Reduced Blower Speed

Discussion in 'Maintenance and Troubleshooting' started by euler7, Apr 23, 2012.

  1. euler7

    euler7 New Member

    We have a two-stage 5-ton FHP (AP061) with slinky ground loop. We live in a heating-dominated climate; our system is nicely sized for heating but (unavoidably) oversized for cooling by a good 1.0 to 1.5 tons. I posted here last year asking about strategies for increasing dehumidification when the unit is running during cooling mode and got some excellent feedback.

    Other than tweaks to the TSTAT to promote longer Stage 1 run times (which I have done), several folks here also suggested trying to lower the unit's blower speed setting. Our unit's ECM board has an adjustment jumper pin which can reduce CFM by 15%. With cooling season approaching, I was going to try this, but I wanted to ask about a warning I read in the FHP install manual:
    NOTE: Do not set the ADJ jumper to the (-) setting when electric heaters are installed. Doing so may cause the heaters to cycle on their thermal overload switches, potentially shortening the life of the switches.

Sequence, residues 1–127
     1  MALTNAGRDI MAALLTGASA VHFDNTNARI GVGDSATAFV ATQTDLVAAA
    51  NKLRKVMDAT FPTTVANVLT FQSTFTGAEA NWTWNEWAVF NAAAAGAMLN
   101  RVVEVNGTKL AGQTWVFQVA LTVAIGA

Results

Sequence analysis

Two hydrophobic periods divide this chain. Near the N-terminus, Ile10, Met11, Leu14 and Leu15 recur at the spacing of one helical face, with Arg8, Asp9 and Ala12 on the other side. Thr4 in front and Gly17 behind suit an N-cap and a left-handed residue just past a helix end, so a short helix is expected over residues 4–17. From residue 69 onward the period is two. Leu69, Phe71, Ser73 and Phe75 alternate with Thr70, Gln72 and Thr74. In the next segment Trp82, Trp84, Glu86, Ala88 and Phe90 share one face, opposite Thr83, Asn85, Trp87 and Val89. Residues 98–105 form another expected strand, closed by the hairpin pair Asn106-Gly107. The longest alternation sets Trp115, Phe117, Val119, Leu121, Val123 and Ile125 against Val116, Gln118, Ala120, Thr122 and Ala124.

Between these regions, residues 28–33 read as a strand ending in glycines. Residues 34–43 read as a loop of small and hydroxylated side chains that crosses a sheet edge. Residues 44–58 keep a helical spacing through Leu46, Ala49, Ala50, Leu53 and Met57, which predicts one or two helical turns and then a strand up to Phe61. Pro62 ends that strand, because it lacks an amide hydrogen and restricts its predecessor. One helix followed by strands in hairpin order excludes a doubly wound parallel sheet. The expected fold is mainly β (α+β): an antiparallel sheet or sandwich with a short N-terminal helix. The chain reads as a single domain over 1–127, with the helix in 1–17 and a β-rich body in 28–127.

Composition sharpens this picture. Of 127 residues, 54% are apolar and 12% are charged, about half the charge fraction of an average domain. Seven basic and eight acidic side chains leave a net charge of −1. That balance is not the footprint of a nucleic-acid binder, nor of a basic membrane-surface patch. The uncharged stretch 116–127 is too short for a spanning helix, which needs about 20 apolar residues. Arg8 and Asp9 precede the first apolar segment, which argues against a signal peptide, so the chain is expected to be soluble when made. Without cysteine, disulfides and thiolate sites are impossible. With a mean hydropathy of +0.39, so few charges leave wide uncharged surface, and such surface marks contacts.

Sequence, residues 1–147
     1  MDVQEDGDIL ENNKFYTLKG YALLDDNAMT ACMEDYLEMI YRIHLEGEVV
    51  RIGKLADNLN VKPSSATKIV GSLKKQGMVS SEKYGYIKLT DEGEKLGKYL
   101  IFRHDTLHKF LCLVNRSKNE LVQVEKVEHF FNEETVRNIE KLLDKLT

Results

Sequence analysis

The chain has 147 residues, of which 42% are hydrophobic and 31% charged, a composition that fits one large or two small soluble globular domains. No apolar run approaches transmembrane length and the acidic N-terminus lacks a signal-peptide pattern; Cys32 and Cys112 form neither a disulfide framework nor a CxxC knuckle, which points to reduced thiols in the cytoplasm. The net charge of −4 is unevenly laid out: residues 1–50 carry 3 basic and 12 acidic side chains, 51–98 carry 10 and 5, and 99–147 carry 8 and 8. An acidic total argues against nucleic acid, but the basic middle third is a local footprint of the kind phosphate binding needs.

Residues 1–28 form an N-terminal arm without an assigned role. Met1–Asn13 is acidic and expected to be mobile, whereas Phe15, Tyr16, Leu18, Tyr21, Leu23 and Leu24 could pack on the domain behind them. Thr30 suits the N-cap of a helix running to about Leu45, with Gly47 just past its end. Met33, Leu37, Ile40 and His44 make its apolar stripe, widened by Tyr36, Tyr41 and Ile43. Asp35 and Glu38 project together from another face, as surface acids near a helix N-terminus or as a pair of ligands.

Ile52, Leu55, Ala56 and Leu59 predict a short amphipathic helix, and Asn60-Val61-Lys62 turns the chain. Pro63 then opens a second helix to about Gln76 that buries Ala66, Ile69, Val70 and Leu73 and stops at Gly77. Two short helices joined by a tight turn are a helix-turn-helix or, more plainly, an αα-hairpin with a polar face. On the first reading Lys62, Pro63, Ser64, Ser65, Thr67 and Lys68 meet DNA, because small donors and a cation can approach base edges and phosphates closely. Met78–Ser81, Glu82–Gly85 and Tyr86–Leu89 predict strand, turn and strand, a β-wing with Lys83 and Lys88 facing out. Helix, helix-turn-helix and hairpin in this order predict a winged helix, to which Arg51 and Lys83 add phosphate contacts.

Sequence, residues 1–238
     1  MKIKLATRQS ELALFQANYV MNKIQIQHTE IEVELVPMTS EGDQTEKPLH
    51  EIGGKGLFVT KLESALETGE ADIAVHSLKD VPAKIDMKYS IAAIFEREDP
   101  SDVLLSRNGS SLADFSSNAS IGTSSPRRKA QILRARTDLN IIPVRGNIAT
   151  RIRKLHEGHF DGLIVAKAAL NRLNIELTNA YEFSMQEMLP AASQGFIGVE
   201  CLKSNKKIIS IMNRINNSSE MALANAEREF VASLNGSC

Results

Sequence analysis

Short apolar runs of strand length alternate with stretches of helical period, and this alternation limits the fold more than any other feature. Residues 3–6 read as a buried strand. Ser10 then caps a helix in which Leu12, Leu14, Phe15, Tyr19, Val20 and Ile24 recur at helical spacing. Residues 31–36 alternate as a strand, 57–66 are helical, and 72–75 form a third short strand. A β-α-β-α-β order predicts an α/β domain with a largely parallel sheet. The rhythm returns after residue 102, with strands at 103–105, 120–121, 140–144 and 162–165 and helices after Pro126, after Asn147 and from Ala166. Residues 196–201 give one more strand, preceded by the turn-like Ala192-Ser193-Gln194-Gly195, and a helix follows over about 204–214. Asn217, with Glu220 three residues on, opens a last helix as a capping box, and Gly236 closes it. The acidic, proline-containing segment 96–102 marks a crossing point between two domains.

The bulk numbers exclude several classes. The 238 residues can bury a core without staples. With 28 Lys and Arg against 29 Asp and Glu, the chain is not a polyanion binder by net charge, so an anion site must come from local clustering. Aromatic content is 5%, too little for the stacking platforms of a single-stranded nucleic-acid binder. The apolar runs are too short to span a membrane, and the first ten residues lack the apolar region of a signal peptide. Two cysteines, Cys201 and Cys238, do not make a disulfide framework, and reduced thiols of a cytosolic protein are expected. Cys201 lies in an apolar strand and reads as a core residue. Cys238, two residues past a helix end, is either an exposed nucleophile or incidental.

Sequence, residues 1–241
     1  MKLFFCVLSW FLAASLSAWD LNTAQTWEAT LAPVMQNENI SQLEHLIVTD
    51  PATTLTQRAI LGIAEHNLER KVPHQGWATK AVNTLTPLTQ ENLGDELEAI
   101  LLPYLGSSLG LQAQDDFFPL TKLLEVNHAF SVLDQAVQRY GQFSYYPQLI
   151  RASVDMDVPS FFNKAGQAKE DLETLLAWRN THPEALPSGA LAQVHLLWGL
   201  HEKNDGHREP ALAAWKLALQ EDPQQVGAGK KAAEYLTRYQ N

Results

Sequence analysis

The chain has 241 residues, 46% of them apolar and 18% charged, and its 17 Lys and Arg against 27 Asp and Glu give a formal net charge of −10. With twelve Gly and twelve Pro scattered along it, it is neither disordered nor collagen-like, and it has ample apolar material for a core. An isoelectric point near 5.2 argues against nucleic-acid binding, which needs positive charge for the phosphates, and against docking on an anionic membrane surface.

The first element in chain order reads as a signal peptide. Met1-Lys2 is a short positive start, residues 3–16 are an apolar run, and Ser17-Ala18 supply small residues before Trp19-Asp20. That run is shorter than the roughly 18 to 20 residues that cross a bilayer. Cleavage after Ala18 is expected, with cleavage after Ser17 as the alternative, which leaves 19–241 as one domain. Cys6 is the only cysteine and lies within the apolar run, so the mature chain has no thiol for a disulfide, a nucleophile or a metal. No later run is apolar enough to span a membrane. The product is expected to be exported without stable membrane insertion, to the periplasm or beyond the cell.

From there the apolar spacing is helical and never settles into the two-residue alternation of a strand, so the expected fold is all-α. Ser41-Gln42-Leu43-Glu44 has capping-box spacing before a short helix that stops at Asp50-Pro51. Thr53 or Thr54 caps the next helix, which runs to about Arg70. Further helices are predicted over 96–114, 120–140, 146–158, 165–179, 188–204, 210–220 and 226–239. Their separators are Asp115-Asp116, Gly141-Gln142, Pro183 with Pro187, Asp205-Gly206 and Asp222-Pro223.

We have strip heating for Emergency Heat on our system. Am I safe to assume the above warning is nothing to worry about if I adjust the blower speed only for cooling mode, then reset it to regular speed next fall before heating season begins?

    I read the above warning to mean that reduced CFM could cause the emergency heat to cycle on and off more frequently than normal CFM; hence, possibly burning out the strips faster. Nevertheless, I wasn't sure about the "switches" language or whether there would be something inherent in lower CFM that would be bad for switches. For instance, if CFM is reduced across the coil, would the reduced temperature of air blowing through the unit still mess up the switches even if the unit is in cooling, not heating, mode?

    Thank you.
     
  2. docjenser

    docjenser Well-Known Member Industry Professional Forum Leader

    I don't know the FHPs too well, but you should be fine in cooling mode.
    I know other manufacturers have a higher blower setting for Aux heat, and if used for supplement heat (3rd stage) the blower is running at higher speed as well.
     
  3. AMI Contracting

    AMI Contracting A nice Van Morrison song Industry Professional Forum Leader

    "We have strip heating for Emergency Heat on our system. Am I safe to assume the above warning is nothing to worry about if I adjust the blower speed only for cooling mode, then reset it to regular speed next fall before heating season begins?

    I read the above warning to mean that reduced CFM could cause the emergency heat to cycle on and off more frequently than normal CFM; hence, possibly burning out the strips faster. Nevertheless, I wasn't sure about the "switches" language or whether there would be something inherent in lower CFM that would be bad for switches. For instance, if CFM is reduced across the coil, would the reduced temperature of air blowing through the unit still mess up the switches even if the unit is in cooling, not heating, mode?"